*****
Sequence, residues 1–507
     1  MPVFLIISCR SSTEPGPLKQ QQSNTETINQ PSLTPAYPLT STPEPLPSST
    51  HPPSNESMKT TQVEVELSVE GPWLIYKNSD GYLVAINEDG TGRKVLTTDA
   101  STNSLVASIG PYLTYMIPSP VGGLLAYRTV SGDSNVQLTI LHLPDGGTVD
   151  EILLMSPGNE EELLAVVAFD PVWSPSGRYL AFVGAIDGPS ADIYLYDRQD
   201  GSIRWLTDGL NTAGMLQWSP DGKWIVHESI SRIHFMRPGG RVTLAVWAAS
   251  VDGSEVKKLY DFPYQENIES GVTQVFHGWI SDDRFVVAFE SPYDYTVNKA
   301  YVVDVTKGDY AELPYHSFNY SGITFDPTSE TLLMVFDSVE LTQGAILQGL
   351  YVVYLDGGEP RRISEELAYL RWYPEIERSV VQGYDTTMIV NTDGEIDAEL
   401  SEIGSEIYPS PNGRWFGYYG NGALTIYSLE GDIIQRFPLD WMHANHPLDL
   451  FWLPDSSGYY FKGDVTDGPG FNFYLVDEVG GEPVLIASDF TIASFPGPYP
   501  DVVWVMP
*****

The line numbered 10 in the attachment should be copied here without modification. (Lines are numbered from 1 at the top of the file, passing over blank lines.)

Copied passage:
   401  SEIGSEIYPS PNGRWFGYYG NGALTIYSLE GDIIQRFPLD WMHANHPLDL